// Determine which multiplier is selected; unlike above, must be one of the three positions by hardware design
// Factor numbers by design, how much to move per MPG pulse

if (ReadBit(FACTOR1)) // is X1 selected?
// Factor = 1.5748031496062992125984251968504;
Factor = 1;
else if (ReadBit(FACTOR10)) // is X10 selected?
Factor = 10;
//Factor = 15.748031496062992125984251968504;
else if (ReadBit(FACTOR100)) // is X100 selected?
Factor =15;
//Factor =157.48031496062992125984251968504 ;

return 0;

// Debounce a bit
// return 1 one time when first debounced high
// return 0 one time when first debounced low
// return -1 otherwise
#define DBTIME 300
int Debounce(int n, int *cnt, int *last, int *lastsolid)
int v = -1;

if (n == *last) // same as last time?
if (*cnt == DBTIME-1)
if (n != *lastsolid)
v = *lastsolid = n; // return debounced value
if (*cnt < DBTIME) (*cnt)++;
*cnt = 0; // reset count
*last = n;
return v;

November 17, 2015   Comments Off on KFLOP C Programming Dissection – My Init.c Pendant Code

KFLOP C Programming Dissection – My Init.c E-Stop Code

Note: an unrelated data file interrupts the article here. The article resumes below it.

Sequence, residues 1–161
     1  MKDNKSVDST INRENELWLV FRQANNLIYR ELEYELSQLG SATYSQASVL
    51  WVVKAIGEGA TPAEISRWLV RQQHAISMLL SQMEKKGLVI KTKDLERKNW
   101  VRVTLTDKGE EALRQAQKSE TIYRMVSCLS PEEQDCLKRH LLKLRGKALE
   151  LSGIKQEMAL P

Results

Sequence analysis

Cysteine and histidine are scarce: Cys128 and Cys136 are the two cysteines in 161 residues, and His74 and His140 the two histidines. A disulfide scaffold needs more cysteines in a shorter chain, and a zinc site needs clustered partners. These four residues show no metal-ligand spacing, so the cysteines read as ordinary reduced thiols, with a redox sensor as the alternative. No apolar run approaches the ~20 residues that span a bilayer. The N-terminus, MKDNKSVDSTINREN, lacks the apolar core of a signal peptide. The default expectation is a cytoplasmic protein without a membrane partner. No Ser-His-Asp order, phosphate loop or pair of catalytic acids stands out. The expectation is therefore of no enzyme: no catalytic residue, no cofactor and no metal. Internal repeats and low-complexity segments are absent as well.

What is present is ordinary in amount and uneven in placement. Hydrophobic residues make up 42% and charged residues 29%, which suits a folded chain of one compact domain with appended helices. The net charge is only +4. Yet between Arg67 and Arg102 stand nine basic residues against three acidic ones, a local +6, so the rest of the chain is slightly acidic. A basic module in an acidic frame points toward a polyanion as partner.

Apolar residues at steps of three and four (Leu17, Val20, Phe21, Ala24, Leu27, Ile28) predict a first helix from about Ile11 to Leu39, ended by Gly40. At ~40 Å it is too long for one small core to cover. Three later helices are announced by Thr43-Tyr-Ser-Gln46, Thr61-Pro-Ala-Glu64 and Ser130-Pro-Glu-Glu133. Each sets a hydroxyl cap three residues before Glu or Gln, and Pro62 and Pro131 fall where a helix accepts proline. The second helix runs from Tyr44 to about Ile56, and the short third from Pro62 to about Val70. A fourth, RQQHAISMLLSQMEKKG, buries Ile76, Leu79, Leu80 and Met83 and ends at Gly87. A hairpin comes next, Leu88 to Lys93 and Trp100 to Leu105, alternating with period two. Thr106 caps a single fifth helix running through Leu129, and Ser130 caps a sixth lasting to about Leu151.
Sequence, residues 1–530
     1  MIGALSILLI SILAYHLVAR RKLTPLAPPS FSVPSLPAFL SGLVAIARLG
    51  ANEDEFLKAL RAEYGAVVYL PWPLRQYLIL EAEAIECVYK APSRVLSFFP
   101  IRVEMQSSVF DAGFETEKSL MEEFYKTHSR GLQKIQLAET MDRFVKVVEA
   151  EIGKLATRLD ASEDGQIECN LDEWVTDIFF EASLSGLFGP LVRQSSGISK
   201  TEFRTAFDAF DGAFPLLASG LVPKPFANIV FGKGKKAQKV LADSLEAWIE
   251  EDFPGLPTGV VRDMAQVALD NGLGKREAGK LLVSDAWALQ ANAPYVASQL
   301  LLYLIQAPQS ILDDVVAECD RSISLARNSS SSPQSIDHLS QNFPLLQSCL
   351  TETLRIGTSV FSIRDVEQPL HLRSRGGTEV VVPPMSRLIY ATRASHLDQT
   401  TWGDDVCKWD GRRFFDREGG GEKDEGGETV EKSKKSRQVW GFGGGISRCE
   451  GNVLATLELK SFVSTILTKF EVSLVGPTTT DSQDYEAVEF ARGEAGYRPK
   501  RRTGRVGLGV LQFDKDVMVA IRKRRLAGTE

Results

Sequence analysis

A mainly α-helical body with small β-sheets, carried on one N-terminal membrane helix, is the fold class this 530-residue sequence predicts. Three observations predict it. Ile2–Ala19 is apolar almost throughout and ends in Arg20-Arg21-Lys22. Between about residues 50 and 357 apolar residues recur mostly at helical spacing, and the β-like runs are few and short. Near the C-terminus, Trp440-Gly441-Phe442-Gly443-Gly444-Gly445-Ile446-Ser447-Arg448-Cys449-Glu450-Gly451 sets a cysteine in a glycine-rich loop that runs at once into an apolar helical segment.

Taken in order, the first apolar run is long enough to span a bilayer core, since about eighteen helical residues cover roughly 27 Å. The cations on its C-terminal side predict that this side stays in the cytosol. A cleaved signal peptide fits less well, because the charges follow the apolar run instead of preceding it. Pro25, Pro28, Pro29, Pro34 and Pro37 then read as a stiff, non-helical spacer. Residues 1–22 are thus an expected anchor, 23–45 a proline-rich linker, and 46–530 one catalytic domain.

#include “KMotionDef.h”

int elast=0,elastsolid=-1,ecount=0; // for debouncing estop pushbutton
int Debounce(int n, int *cnt, int *last, int *lastsolid);
int DoPC(int cmd);

#define ESTOP 168 // set to the external estop input bit
#define TMP 10 // which spare persist to use to transfer data
#include “C:\KMotion433\C Programs\KflopToKMotionCNCFunctions.c”

int main()
double T0, LastX=0, LastY=0, LastZ=0, Tau;
int result;
int BitA,Change1=0,Change2=0, DiffX2;
int PosNoWrap, NewPos, Pos=0, wraps;
int InMotion=FALSE,Axis,LastAxis=-1;
double LastChangeTime=0,Target,Factor=0;

// Main program starts here; includes ESTOP, MPGSmooth subroutines
for (;;) //Main program, cycle forever

// Handle ESTOP interrupts
result = Debounce(ReadBit(ESTOP),&ecount,&elast,&elastsolid);
if (result == 0)
printf(“Local ESTOP Active!\n”);

// Debounce a bit
// return 1 one time when first debounced high
// return 0 one time when first debounced low
// return -1 otherwise
#define DBTIME 300
int Debounce(int n, int *cnt, int *last, int *lastsolid)
int v = -1;

if (n == *last) // same as last time?
if (*cnt == DBTIME-1)
if (n != *lastsolid)
v = *lastsolid = n; // return debounced value
if (*cnt < DBTIME) (*cnt)++;
*cnt = 0; // reset count
*last = n;
return v;

November 17, 2015   Comments Off on KFLOP C Programming Dissection – My Init.c E-Stop Code

Using USB Microscopes for Optical Comparators, Edge Finding, Centreing